(Cue the laugh tracks.)

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Good Conversations with Jack through Ongoing Bit Routines

Thursday, July 7th, 2011

Seven months.

Chicco car seat for babies

How does a thirty year-old man carry on a conversation with his seven month-old son?  “So Jack, tell me about your day.  What did you have for lunch, son?”  Or I could say traditional fatherly phrases that make me think of TV sitcom dads from the 1960’s, like, “How’s my little man? Give your Pop a kiss on the cheek.”

Sorry, that’s just not my style.  Without realizing it, since Jack was a newborn, I have been creating bit routines with Jack to communicate with him.  I wasn’t aware of these ongoing conversations based on fictional characters I had made up until weeks after continuing to do them.

Here are a few examples:

“Are you Baby Sanchez?” This phrase is spoken in the same tone as the Boost Mobile’s “Is That the Talking Dog?” commercial.  The assumed plot line here is that Jack is being mistaken for a distant Mexican cousin.  Yesterday when I called my wife on my lunch break she suggested that I “do the Baby Sanchez” thing so check could hear it.  Sure enough, he smiled right away and laughed. Maybe he really is Baby Sanchez.

“Hello son-n-n-n-n-n-n-n… You are my son-n-n-n-n-n…” In this bit, I pretend to be a wise, old, bearded man sitting at the top of mountain.  Assuming Jack journeyed quite a ways to reach me, I get right to the point and announce to him that I am his father.  It’s similar to the concept behind Darth Vader’s “Luke, I am your father.”  But the voice I use is similar to Splinter in the original 1990 Teenage Mutant Ninja Turtles: The Movie.  When I say the catch phrase, I get right in Jack’s face and press my lips on his cheek, in an effort to gain some sort of response.  Usually, all I get is, “Errrghhmmrrr…”

“…For babies.  Babies like (name relevant conversation topic) too, ya know…” This one comes into play the most when I come home from work and hold Jack while my wife prepares dinner.  If she says, “We’re almost out of Ricotta cheese.” Then I reply, evidently speaking from the perspective of Jack, “Ricotta cheese for babies.  Babies like Ricotta cheese too, ya know.” This helps me empathize with my son’s feelings and perspective on life.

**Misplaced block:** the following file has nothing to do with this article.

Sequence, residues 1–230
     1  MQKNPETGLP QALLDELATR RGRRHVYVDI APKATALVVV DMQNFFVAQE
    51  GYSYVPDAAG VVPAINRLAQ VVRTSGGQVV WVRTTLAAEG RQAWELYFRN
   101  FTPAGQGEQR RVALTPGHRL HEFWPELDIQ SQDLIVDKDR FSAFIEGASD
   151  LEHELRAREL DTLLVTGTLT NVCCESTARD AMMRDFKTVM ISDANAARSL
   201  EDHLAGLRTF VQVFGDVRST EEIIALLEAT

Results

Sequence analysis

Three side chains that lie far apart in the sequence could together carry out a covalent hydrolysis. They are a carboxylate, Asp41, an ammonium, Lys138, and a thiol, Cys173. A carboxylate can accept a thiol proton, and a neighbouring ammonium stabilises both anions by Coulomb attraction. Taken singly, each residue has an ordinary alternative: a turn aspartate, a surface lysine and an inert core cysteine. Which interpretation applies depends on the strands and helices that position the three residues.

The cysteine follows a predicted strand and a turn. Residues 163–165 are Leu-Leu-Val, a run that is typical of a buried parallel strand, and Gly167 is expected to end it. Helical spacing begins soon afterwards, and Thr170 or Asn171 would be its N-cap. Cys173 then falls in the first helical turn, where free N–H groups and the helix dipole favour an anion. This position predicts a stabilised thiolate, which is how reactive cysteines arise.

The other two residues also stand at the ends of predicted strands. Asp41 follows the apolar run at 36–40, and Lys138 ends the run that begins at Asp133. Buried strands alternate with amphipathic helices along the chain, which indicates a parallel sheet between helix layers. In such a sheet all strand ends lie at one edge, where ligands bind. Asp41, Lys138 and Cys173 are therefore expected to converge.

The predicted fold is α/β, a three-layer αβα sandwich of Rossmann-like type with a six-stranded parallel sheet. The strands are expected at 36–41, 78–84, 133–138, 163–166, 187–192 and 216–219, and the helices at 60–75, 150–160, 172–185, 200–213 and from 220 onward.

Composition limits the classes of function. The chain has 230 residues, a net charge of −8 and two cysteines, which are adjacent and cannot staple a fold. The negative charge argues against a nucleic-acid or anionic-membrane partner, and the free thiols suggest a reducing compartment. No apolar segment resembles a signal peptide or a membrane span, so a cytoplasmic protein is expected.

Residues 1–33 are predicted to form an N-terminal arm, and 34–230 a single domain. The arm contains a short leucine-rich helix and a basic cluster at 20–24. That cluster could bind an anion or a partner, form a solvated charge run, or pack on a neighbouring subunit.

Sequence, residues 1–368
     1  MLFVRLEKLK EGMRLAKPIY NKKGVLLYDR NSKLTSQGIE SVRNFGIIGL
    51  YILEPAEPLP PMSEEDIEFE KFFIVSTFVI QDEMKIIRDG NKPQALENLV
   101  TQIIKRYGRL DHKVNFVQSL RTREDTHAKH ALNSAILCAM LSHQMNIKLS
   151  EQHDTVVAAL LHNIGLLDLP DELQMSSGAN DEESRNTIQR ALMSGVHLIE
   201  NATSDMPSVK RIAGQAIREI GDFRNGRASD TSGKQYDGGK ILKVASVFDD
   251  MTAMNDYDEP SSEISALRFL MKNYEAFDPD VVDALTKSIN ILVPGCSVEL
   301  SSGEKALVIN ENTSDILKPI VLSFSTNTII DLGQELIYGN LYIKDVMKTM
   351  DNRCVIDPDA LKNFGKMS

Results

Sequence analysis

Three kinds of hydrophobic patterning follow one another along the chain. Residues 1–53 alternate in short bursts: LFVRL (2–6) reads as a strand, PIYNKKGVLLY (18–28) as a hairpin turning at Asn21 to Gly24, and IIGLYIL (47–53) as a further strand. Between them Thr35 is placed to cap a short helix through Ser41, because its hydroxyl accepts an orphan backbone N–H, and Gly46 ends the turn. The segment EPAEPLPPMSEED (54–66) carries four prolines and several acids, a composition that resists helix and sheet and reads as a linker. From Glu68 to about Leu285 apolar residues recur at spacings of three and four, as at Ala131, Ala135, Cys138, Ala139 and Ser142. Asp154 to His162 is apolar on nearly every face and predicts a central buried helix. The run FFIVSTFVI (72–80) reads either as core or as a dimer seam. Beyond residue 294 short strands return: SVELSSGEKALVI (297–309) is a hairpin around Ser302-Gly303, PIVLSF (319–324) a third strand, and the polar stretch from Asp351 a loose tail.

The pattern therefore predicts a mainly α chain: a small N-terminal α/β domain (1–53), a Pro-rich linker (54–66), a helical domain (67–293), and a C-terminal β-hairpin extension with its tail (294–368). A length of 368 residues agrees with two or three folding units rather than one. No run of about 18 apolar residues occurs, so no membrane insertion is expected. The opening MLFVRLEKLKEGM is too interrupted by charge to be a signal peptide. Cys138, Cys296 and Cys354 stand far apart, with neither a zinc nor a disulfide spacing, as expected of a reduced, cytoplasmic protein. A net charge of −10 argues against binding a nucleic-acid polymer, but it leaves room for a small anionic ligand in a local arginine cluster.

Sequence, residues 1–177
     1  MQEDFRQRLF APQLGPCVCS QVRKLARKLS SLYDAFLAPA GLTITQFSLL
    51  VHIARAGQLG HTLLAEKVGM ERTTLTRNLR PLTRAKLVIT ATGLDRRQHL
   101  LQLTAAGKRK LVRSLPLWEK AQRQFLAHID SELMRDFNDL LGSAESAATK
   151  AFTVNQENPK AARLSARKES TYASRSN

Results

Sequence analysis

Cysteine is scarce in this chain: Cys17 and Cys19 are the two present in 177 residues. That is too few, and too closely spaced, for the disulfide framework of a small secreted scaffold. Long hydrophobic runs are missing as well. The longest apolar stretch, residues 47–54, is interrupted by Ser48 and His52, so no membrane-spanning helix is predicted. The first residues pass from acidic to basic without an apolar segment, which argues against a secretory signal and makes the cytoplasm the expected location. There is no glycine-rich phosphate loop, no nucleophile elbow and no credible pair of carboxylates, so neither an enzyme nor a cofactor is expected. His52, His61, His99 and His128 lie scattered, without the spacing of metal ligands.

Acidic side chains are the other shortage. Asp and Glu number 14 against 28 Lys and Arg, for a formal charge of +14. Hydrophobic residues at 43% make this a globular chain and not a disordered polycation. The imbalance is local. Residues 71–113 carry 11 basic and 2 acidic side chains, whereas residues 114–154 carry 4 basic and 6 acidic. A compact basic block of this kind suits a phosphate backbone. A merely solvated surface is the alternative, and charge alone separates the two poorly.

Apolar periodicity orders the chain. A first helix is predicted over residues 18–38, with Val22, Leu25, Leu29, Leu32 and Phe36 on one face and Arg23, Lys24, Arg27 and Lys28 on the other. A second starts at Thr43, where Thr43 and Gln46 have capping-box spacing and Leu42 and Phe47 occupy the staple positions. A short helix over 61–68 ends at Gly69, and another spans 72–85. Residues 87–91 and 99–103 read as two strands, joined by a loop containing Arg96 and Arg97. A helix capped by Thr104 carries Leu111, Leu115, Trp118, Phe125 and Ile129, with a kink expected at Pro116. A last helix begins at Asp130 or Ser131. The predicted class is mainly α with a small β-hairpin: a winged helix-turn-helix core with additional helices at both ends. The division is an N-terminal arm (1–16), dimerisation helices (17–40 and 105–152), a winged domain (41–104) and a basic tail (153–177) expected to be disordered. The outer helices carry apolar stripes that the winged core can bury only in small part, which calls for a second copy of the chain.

“Ya wanna give ya Daddy-Waddy a kissy-wissy on da wippy-wippy-wippies?” This translates into English as “Do you want to give your Daddy a kiss on the lips?”  I pucker up my lips as big as I can and start zooming in towards his face, until I ultimately slightly turn away and kiss him on the cheek instead.  I love annoying my son in the name of entertainment.

It’s my norm to accidentally create these goofy characters for Jack and then reuse them on a daily basis.  As Jack learns to actually communicate back to me with legitimate words, he can start getting to know the real me.  Until then, I’m about as real as Roger Rabbit.

Baby Herman

Unnecessary Bonus:

The picture of Jack at the top of this post made me think of the album cover for The New Radicals’ only album, Maybe You’ve Been Brainwashed Too.  They were that one hit wonder band that did the 1999 song, “You Get What You Give.”  Some of the song’s most memorable lyrics were at the closing:

“Fashion shoots with Beck and Hanson, Courtney Love and Marilyn Manson. You’re all fakes, run to your mansions…”

You Get What You Give